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Thread: Need Advice - Turning "Punky" Wood

  1. #1
    Join Date
    Apr 2008
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    West Tennessee
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    70

    Need Advice - Turning "Punky" Wood

    I'd like to get started turning peppermills, so I purchased a few spalted maple peppermill blanks. They all have "punky" places throughout, but the one I'm worried about is the most spalted - the prettiest one, of course - which obviously has the most rot.

    What do you recommend to stabilize these blanks with? I'll have to make sure they are dry, which may make matters worse, but I don't have a pressure stabilizer and really don't want to spend a lot of money on the process.

    Are they too big to use CA? would you soak them in a home-made or lacquer-based stabilizing medium?

    Please throw all your ideas at me!

    I

  2. #2
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    Oct 2008
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    OK, since you said all ideas, my $0.02 would be to not turn it. I think it's just not worth it, punky wood looks bad, since it is punky. It won't buff to a shine. It sands easy, so your turning is not round. (you get flat spots) I've tried salvaging punky wood because it does look nice, but it's a lot of work and best be left alone.

    That being said, CA fixes just about everything, and does work for fixing punky wood, BUT you can sometimes see the CA after you finish. It does stain maple.

  3. #3
    Join Date
    Mar 2012
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    Mililani, Hawaii
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    I've used this clear penetrating epoxy sealer on some very punky spalted mango. The local Woodcraft store sells it here. It's fairly pricey, but not as bad as an equivalent amount of CA. It has very low viscosity so it really penetrates the wood, much like a thin CA.

    http://www.smithandcompany.org/CPES/index.html

    System Three also makes and epoxy sealer, but I haven't used it so I can't recommend it, but here's a link.

    http://www.woodcraft.com/Product/200...-Coat-Kit.aspx

    Good luck.

  4. #4
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    Quote Originally Posted by Kyle Iwamoto View Post
    OK, since you said all ideas, my $0.02 would be to not turn it. I think it's just not worth it, punky wood looks bad, since it is punky. It won't buff to a shine. It sands easy, so your turning is not round. (you get flat spots) I've tried salvaging punky wood because it does look nice, but it's a lot of work and best be left alone.

    That being said, CA fixes just about everything, and does work for fixing punky wood, BUT you can sometimes see the CA after you finish. It does stain maple.
    Thank you, Kyle.

    It's probably more work than it's worth. I guess the hardest part is to see an incredibly spalted piece go to waste.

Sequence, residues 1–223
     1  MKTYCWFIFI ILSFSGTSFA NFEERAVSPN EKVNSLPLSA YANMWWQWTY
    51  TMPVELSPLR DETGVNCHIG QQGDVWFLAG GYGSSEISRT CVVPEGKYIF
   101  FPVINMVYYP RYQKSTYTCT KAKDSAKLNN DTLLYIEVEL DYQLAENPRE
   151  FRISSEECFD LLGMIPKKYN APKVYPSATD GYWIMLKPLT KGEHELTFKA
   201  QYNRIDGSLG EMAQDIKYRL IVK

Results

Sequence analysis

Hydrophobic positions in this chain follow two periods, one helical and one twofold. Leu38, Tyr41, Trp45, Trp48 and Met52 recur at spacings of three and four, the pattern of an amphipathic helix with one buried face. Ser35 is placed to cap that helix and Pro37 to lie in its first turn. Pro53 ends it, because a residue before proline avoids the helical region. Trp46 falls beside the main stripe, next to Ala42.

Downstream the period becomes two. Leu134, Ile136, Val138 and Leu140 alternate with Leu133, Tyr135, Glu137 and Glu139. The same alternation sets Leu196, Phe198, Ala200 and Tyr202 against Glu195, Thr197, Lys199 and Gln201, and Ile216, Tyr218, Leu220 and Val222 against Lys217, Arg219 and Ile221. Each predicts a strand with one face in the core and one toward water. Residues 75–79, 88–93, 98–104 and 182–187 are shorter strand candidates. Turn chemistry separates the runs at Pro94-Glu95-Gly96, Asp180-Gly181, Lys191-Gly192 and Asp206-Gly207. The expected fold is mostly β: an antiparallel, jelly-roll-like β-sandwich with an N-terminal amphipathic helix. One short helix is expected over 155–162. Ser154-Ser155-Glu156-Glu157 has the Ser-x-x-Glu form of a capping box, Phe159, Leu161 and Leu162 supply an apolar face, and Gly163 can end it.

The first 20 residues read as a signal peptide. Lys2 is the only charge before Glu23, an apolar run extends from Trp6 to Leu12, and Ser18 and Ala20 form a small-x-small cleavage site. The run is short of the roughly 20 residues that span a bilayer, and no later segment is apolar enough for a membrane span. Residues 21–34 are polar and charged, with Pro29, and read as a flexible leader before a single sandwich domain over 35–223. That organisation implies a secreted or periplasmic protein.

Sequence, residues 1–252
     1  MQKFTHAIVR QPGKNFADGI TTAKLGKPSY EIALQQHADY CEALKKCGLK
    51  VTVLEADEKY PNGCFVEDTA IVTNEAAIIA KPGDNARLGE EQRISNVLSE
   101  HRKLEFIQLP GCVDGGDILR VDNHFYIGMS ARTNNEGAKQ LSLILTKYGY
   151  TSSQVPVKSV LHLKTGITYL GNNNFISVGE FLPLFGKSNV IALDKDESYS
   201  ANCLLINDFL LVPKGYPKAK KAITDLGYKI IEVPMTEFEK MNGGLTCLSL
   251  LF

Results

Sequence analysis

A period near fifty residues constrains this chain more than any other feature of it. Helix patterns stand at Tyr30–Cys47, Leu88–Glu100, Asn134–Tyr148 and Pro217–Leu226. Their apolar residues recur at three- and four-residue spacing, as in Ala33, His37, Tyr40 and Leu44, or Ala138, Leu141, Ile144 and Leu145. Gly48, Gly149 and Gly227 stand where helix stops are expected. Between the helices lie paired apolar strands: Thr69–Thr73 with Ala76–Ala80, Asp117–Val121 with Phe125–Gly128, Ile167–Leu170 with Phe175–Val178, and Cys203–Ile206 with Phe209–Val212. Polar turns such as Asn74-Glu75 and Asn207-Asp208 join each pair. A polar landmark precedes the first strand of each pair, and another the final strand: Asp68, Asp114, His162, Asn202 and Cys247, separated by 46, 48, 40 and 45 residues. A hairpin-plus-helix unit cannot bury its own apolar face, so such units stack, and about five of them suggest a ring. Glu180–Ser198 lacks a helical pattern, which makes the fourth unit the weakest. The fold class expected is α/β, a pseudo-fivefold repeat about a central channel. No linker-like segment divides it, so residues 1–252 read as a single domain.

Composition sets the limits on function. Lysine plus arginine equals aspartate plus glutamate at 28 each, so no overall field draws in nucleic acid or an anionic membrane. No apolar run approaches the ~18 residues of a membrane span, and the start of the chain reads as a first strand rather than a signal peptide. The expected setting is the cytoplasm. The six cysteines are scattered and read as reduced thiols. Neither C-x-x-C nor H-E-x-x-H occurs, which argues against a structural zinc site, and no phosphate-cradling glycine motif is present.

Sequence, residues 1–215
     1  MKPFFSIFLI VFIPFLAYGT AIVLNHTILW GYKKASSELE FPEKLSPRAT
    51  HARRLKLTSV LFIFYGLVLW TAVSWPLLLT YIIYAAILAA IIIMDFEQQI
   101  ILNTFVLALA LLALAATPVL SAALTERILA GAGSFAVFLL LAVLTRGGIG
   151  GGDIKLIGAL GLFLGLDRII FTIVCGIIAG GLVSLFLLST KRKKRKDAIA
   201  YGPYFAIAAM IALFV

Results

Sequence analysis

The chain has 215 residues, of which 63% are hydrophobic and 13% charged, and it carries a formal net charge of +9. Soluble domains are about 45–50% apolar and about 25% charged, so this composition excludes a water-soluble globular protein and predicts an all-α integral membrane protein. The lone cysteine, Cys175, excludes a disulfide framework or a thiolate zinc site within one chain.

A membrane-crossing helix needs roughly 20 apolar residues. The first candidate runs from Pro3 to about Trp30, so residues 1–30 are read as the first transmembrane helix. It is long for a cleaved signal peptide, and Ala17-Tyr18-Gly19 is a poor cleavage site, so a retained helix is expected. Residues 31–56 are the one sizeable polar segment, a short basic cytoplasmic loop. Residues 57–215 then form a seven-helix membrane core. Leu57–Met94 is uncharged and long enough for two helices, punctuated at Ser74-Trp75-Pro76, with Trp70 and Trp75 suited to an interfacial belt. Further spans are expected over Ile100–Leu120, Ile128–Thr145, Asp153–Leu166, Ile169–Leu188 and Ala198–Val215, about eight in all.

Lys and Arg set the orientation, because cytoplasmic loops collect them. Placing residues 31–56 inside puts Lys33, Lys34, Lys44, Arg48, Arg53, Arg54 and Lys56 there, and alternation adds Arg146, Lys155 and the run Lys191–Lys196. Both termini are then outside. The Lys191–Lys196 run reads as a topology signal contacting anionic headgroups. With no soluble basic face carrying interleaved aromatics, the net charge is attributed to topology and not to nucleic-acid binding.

5. #5
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    Apr 2008
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    West Tennessee
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    Quote Originally Posted by Roger Hirlinger View Post
    I've used this clear penetrating epoxy sealer on some very punky spalted mango. The local Woodcraft store sells it here. It's fairly pricey, but not as bad as an equivalent amount of CA. It has very low viscosity so it really penetrates the wood, much like a thin CA.

    http://www.smithandcompany.org/CPES/index.html

    System Three also makes and epoxy sealer, but I haven't used it so I can't recommend it, but here's a link.

    http://www.woodcraft.com/Product/200...-Coat-Kit.aspx

    Good luck.
    Roger, I may try one of these. Were you able to achieve a decent finish after using it?

  6. #6
    "Life's too short to turn shitty wood..." - John Jordan
    "My favorite piece is my last one, my best piece is my next one."

  7. #7
    Join Date
    Oct 2008
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    Fresno, Ca
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    Remember Eric, nothing on the inside of a mill except bare wood. No CA, no Cactus juice, no PR...nothing. So...I'd make a cool weed pot or vessel from the punky stuff and get a more stable piece for a mill.
    Your Respiratory Therapist wears combat boots

  8. #8
    Join Date
    Apr 2009
    Location
    Crossville, TN
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    254
    Eric, I guess that I am odd man out, I agree that it is somewhat a hassle compared to good wood but for me it is worth it. When I get it close to making the finishing cuts, I soak it with glue diluted 50% with water. Then I soak it with diluted lacquer sanding sealer when I start the sanding process. This is an example.

    bowls---110.jpg

    This bowl is approximately 4 x 11" and finished with two coats of pre-cat lacquer.

  9. #9
    Join Date
    Dec 2003
    Location
    Putnam County, NY
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    3,086
    http://www.amazon.com/Minwax-41700-P...uct/B000BPINKS

    Very easy to use and it works very well in stabilizing punky blanks.
    I could cry for the time I've wasted, but thats a waste of time and tears.

  10. #10
    Join Date
    Jan 2008
    Location
    Chicago Heights, Il.
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    I mix sanding dust of the same species of wood and lacquer. I brush it into the soft spots and any tear out. Then I spin the piece to help rub the mixture into the wood. Acts like wood filler and blends right in.
    Member Illiana Woodturners

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